Summary of Benefits and Coverage

On February 14, 2012, the Employee Benefit Security Administration (EBSA) issued final regulations on the Health Care Reform Act’s requirement for insurers or insured plans and plan administrators of self-insured health plans to provide applicants and enrollees a “Summary of Benefits and Coverage” (SBC) before enrollment or reenrollment. The effective date of these new rules is generally September 23, 2012. The stated general purpose of the SBC requirements is to allow employees to understand coverage, thereby causing employers and insurers to take competitive steps on the price of benefits and the quality of benefits. The new SBC requirements apply to all group health plans except those that provide “excepted benefits.” Thus, for example, a SBC need not be provided for a stand-alone dental or vision plans or health FSAs. However, a health reimbursement arrangement would need to be provided for a SBC.

The SBC must include the following information:

  • Uniform definition of standard insurance terms and medical terms so that consumers may compare health coverage and understand the terms of their coverage.
  • A description of the coverage, including cost sharing, for each category of benefits identified by the government.
  • The exceptions, reductions and limitations on coverage.
  • The cost sharing provisions of the coverage, including deductibles, co-insurance, and co-payment obligations.
  • The renewability and continuation of coverage provisions.
  • A coverage facts label that includes examples to illustrate common benefit scenarios (including pregnancy and serious or chronic medical conditions) and related cost sharing based on recognized clinical practice guidelines.
  • A statement about whether the plan provides “minimum essential coverage” or whether the plan or coverage share of total allowed costs of benefits provided under the plan or coverage meet applicable requirements.
  • Statement that the SBC is only a summary and the plan document, policy or certificate of insurance should be consulted to determine the governing contractual provisions of the coverage.
  • A contact number to call with questions and an internet web address where a copy of the actual individual coverage policy or group certificate of coverage can be reviewed and obtained.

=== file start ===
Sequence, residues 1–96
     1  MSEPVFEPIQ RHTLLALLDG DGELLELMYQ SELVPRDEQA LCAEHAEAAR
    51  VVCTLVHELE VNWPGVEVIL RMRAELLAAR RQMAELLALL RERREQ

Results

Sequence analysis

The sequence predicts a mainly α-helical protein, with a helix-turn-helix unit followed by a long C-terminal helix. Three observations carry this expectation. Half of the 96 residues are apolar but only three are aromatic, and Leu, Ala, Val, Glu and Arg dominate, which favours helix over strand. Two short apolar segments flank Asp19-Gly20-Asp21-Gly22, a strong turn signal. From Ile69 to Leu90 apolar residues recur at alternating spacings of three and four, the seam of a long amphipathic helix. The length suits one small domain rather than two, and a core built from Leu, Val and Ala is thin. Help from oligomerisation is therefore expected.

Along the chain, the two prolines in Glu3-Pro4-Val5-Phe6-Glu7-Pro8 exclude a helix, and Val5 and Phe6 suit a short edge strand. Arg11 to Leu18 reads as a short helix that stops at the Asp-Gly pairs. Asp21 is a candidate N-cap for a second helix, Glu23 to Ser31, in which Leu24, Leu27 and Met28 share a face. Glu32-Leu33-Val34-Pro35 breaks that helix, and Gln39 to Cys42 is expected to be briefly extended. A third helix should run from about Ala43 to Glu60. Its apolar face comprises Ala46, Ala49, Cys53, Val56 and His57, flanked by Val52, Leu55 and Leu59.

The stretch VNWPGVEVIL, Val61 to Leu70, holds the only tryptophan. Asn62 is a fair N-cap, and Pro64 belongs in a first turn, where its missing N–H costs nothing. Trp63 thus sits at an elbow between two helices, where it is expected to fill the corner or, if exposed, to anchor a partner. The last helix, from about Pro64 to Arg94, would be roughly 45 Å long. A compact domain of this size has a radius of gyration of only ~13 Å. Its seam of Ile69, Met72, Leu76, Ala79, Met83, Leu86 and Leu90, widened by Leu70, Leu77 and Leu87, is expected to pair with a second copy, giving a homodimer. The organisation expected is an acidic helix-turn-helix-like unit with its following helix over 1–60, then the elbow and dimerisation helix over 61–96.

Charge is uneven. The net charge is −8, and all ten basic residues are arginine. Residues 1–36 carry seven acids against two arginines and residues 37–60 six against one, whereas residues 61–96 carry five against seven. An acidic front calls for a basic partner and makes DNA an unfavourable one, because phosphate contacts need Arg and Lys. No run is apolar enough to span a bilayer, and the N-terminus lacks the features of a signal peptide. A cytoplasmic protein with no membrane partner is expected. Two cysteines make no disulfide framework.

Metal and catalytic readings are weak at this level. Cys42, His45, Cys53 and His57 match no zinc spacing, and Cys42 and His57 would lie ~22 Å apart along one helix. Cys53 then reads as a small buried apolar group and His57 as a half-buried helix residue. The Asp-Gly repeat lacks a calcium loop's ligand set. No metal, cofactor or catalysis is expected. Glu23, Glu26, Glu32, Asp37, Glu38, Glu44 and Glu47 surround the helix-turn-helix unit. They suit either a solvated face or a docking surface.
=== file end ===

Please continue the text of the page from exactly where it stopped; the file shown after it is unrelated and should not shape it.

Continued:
• An internet address (or other contact information) for obtaining a list of the network providers.
  • An internet address (or similar contact information) where an individual may find more information about the prescription drug coverage under the plan, if any.
  • An internet address where an individual may review and obtain the uniform glossary.

A SBC must be provided by the insurer to a health care plan as soon as practicable following receipt of the application but no later than seven business days following receipt of the application. A group health plan (including the plan administrator) and health insurance issuer offering group health insurance coverage must provide a SBC to a participant or beneficiary upon enrollment. However, to the extent individuals who are eligible for special enrollment would like to receive an SBC earlier, they may request the same from the plan and the SBC must be provided as soon as practicable, but no later than seven business days following receipt of the request.

The Health Care Reform Act directs a group health plan or health insurance issuer offering group or individual health insurance coverage provide notice of any “material modification” to enrollees no later than 60 days prior to the date on which such change would become effective. A material modification includes any modification to the coverage offered under the plan, independently, or in conjunction with other contemporaneous modifications or changes, would be considered by an average plan participant to be an important change in coverage benefits or other terms of coverage under the plan.

Failure to provide a SBC will result in a fine up to $1,000 for each failure. A failure with respect to each participant and beneficiary constitutes a separate offense.

If you sponsor a self-insured plan, the process of preparing a SBC should start now. A guidance document was provided by the DOL and can be found at the website for EBSA. For those of you who sponsor insured plans, you should be communicating with your insurance provider to be sure the SBC is forthcoming on a timely basis.

Summary Plan Descriptions

Do you have a summary plan description for your welfare benefit plans? We are discovering health insurance sponsors are noncompliant with the ERISA SPD requirements for their healthcare plans. Many sponsors believe the policy along with the certificate of coverage is adequate to comply with the SPD requirements. However, these documents fall short of complying with the SPD requirements provided by ERISA and substantial penalties, including excise taxes, can be assessed for failure to provide a SPD to participants in a health insurance plan. The insurance company is not responsible for preparing a SPD. Therefore, the plan administrator, which is often the sponsoring company, must be sure that a SPD is prepared and distributed in a timely manner.